In the last few years, we have experienced an increase in extreme climatic events across the globe. Increased droughts, severe storms and unprecedented flooding, from the Americas through to the Pacific have brought loss and damage (climate impacts that cannot be adapted to) to the forefront of developed and developing country agendas.
Climate change is severely impacting the livelihoods of local communities. Biodiversity loss and increased economic instability within and amongst regions has forced citizens to migrate from rural to urban areas, and this, in turn, is placing pressure on available urban resources.
Countries need to take action to temper these successive impacts. This is particularly the case as climate impacts are not localised. For example, a flood in Sub-Saharan Africa that wipes out crops and washes away layers of topsoil could impact the global food trade and food flows. This could result in price spikes for staple foods such as grain, milk, rice, etc., which could lead to food insecurity.
Similarly, a drought in Western Asia could have significant repercussions for the populations there. Severe droughts could prevent new grains from flourishing which could reverse the gains made in combatting malnutrition.
Despite the understanding of such threats, climate finance for loss and damage remains undervalued and under-discussed.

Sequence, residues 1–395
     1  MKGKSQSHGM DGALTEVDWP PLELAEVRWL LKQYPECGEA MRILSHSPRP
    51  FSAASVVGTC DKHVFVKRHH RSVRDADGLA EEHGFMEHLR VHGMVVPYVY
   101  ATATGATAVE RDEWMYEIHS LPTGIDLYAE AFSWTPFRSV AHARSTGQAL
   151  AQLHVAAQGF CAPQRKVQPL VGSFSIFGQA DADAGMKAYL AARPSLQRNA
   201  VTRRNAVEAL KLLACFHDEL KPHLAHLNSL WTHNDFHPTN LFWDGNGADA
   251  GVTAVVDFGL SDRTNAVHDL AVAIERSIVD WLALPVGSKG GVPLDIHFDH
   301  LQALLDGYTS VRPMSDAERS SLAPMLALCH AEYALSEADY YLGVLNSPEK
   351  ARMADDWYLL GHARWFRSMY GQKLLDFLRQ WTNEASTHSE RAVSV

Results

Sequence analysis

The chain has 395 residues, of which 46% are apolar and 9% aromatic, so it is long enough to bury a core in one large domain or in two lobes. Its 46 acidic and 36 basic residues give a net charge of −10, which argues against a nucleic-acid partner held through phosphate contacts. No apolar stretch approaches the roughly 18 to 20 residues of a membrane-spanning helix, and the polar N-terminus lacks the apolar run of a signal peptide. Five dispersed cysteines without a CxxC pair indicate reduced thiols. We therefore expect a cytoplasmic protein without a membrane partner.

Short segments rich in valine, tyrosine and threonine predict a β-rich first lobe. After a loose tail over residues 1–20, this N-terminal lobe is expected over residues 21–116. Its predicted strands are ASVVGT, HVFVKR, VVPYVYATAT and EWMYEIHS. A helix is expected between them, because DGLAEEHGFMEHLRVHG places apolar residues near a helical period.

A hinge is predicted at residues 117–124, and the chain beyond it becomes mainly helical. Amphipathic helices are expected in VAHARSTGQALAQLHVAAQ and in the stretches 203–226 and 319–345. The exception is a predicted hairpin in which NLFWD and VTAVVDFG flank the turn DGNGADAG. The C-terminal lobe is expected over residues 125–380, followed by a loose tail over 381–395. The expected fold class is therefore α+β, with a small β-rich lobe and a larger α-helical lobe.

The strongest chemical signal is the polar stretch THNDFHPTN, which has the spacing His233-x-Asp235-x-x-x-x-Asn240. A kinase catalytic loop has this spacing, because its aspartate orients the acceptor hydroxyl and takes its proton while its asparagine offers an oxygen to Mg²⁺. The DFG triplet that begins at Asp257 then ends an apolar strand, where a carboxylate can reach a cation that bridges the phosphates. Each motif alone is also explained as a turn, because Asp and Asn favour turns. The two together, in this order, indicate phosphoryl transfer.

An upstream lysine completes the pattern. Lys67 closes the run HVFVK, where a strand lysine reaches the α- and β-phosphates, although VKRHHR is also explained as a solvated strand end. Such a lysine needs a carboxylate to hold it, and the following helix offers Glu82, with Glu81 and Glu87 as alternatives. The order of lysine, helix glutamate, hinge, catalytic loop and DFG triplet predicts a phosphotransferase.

During this UNFCCC inter-sessional (SB50), countries will discuss the new terms of reference for the Warsaw International Mechanism on Loss and Damage. Such a discussion must be broader than a reflection on the current state of play and must look at what must happen for the needs of those impacted by loss and damage to be adequately addressed. This discussion must explore how to operationalise the Warsaw International Mechanism on Loss and Damage, and parties must agree on options for creating a specific finance stream for loss and damage as existing climate finance options tend to be geared towards mitigation.
Countries must use SB50 as an opportunity to acknowledge loss and damage finance as a necessary and separate category of climate finance. Doing so will create the foundation for a new stream of finance that is necessary to address the effects of climate change and to enable forecast based finance (finance that is issued to developing countries before a climatic event occurs, based on forewarning) and support for slow on-set disasters.
Climate finance for loss and damage should be new and additional to the existing commitments for development and humanitarian aid. It should prioritise the needs of vulnerable members of society and those in most need of support.
Possible sources of finance for loss and damage that could be explored include a tax on aviation or on shipping- two industries whose existing ‘measures’ do not live up to the urgency to tackle climate change. Another potential flow could come in the form of a climate damages tax. The reality is that various options exist and their potential must be explored before the climate emergency escalates further.
Blog by Leia Achampong, Climate Justice Policy Officer at ACT Alliance EU